Review of Robert Gittings and Earl Wasserman.
[Review of Robert Gittings, John Keats: The Living Year, Earl Wasserman, The Finer Tone: Keats' Major Poems, Newel F. Ford, and The Prefigurative Imagination of Keats. Queen's Quarterly 41.4 (1954-5): 561-4.]
The first two of these books represent two entirely different approaches to Keats’s major work. Mr Gittings’ book is largely a biographical reconstruction with some illumination of the poems from his biographical discoveries; Mr Wassermann’s book is a direct interpretation of some of the poems in the perspective only of Keats’s letters and poetical canon. Each has its own virtues and its own kind of defects.
Mr Gittings concentrates upon the year within which Keats wrote almost all the poems for which he is reckoned among the major poets. By reconstructing in detail everything that happened in this year, he hopes to show “for the crucial point in nearly every episode . . . the evidence of a new or of an unobserved fact”. Mr. Gittings is not satisfied with the earlier explanations for Keats’s extraordinary vitality in that one year: ill-health and his love for Fanny Brawne have both been exaggerated, he feels, and the claim that he was working out successfully his own scheme of poetry and philosophy has been over-rationalized.
Much is made of two aspects of Keats: the vivid, almost obsessive, clarity of his reading and its immediate (rather than recollected) day-to-day influence upon his poetry; and his morbidity of temperament, especially in regard to women. About the literary influences, Mr Gittings has some valuable things to say: the successive use of Burton’s Anatomy of Melancholy based upon Keats’s own marked copy; the Miltonism of Hyperion which he traces to Wordsworth’s Excursion, Cary’s translation of Dante, and Milton’s Nativity Ode rather than to Paradise Lost; the various influences of Leight Hunt, Chatterton, and Dryden. These are all in some degree new, and give a more convincing, because more complex, picture of Keats’s mental activity than has previously been offered. The only defect here is the unwarrantable assurance with which Mr Gittings dates composition by the date of reading (and vice versa) – unwarrantable because it assumes that Keats’s powers of recollection were strictly limited to little more than a day or two, and that verbal parallels presuppose that Keats had a copy of the earliest text before him when writing.
The most spectacular feature of the book is the biographical discoveries. Mr Gittings finds that the “Bright Star” sonnet was composed in its first form in October 1818, before his first meeting with Fanny Brawne, and that it crystallizes an actual amatory encounter with (that previously shadowy) Mrs. Isabella Jones. The poem “Hush, Hush” records the happy consummation of this relationship, and the Eve of St Agnes was written within the sphere of that same experience and at Isabella Jones’s explicit suggestion. Many of the details of the Eve of St Agnes are shown to be derived from the Vicars’ Hall at Chichester Cathedral, from a volume of engravings of the Campo Santo frescoes, and from the consecration services of the chapel in Stansted Place which Keats attended. The Eve of St. Mark, though it preserves some details of Isabella Jones’s Gloucester Street rooms, marks the sudden collapse of her fructifying influence. Mr Gittings’ account of Keats’s relations with Fanny Brawne shows a tangled, uneasy relation that is neither the standard version of love at first sight nor “that monstrous thing, Returned but unrequited love”. On the biographical side this book is original, stimulating, and important; there is valuable information about literary influences; but the few excursions into elucidating the poems are shallow and unrewarding. The account of the one miraculous year is a detailed and careful piece of reconstruction. It may be, however, that in the end the mundane Keats stands a little in the light of Keats the poet.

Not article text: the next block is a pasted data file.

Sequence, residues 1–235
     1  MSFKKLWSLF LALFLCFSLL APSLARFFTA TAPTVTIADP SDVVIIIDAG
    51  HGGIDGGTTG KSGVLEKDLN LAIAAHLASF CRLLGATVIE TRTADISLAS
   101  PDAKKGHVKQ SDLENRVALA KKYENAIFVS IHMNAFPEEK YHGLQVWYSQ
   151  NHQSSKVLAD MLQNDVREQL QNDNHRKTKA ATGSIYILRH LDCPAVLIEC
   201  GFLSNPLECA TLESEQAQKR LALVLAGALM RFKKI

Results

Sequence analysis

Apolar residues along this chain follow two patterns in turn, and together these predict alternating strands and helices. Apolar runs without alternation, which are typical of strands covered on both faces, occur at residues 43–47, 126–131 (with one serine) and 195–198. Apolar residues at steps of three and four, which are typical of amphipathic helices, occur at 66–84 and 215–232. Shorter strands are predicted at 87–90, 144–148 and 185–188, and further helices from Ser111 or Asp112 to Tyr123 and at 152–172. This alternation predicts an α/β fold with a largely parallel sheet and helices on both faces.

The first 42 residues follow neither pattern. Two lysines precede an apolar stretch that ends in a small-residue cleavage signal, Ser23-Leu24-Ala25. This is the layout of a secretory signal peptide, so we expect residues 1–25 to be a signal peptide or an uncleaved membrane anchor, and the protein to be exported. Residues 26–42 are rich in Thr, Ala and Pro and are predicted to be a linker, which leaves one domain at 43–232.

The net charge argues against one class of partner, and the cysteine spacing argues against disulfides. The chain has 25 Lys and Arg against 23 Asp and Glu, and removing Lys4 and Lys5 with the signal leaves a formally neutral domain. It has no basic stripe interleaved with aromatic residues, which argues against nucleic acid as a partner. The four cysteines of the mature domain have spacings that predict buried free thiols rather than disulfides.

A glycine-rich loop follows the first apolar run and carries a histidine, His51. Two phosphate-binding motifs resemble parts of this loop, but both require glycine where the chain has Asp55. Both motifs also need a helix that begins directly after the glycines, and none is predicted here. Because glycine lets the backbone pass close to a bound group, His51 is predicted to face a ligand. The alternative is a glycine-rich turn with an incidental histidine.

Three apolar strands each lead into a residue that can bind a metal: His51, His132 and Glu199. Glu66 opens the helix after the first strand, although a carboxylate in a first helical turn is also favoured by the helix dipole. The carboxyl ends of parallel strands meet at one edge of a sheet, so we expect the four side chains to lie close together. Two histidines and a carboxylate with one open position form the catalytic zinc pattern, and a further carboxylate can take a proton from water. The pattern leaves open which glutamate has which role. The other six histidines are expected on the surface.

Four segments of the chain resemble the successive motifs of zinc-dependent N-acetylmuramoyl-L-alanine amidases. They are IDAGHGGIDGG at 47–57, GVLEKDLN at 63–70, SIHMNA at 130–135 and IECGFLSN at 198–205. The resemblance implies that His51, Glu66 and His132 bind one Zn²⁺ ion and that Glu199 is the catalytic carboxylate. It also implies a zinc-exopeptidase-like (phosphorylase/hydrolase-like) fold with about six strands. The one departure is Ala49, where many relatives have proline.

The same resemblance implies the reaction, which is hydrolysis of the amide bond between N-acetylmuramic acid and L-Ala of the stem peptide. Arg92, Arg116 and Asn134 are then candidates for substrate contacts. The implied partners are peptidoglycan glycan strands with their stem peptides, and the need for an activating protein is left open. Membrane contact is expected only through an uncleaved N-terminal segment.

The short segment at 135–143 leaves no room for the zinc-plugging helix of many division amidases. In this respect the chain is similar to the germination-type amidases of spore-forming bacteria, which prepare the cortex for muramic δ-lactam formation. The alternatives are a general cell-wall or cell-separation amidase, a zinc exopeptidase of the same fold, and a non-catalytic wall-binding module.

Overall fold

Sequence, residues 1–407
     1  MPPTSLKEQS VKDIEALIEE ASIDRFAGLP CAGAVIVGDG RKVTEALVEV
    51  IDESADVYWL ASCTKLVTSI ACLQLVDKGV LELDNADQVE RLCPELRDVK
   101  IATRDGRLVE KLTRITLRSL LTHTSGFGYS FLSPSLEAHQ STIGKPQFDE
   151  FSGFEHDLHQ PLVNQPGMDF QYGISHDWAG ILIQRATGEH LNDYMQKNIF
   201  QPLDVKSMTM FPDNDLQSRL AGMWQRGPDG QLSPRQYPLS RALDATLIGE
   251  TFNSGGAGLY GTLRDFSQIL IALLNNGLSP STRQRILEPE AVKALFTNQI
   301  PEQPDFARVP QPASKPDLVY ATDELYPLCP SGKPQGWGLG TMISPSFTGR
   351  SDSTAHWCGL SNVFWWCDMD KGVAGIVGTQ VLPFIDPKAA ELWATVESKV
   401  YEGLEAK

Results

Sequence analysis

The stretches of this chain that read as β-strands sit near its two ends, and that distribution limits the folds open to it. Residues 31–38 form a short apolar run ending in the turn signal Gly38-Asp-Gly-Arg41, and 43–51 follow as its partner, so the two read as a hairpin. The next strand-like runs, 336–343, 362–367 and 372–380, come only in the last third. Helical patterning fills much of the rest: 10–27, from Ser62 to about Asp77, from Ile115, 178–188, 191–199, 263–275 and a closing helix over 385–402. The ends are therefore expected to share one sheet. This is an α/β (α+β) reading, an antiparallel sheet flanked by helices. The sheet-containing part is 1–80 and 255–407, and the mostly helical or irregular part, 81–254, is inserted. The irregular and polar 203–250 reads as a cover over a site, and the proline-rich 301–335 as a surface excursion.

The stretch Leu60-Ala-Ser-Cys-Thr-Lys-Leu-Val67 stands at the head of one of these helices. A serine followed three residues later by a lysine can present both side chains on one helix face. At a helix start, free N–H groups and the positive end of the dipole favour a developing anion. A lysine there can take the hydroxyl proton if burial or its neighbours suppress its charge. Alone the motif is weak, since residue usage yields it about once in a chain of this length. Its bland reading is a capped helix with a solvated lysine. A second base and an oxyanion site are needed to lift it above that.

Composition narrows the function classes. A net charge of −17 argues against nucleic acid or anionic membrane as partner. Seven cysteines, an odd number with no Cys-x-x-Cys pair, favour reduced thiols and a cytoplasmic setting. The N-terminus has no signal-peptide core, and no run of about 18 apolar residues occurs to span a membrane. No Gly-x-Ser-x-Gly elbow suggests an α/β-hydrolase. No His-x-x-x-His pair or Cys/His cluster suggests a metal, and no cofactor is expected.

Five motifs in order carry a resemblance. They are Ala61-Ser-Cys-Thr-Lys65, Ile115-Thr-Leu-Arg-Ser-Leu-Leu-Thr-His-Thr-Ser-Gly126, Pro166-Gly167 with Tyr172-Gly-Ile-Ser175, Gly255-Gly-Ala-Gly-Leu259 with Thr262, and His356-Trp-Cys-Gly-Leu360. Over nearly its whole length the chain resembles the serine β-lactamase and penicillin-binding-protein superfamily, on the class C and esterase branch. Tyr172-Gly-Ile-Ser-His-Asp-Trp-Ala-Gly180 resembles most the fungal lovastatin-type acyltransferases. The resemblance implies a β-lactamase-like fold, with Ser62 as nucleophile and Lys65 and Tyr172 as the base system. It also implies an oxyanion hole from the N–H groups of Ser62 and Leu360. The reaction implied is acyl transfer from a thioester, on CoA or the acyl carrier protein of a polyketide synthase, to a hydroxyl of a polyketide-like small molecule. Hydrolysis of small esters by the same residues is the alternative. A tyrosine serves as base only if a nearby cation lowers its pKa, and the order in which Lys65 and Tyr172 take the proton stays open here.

Mr Wassermann’s book is a series of “readings” (in the New Criticism sense of the word) of five of Keats’s poems: The Grecian Urn, La Belle Dame, The Eve of St. Agnes, Lamia and Ode to a Nightingale. “My main intention”, he says at the end of an explanatory foreward, “is to unfold the richness . . . within Keats’ major poems by probing beyond their verbal level and seeking to learn both how their poetry qualifies the surface meaning and what the poetry, as distinct from merely verbal content, states in itself.”
The reading of the Ode on a Grecian Urn sets the pattern for all the others. The closing lines of the poem (“Beauty is Truth etc”), he says, do not summarise the poem, but serve “only a subordinate functional part of the grammar of images”. The key to Keats’s meaning is his underlying sense of paradoxical essence; and settling for Kenneth Burke’s unlovely phrase “mystic oxymoron”, Mr. Wassermann proceeds to analyse the poem in terms of its rhythmic movement and the patterns of clarity and diffusion in its images. The argument is worked out in great detail and with compelling if tortuous insistence.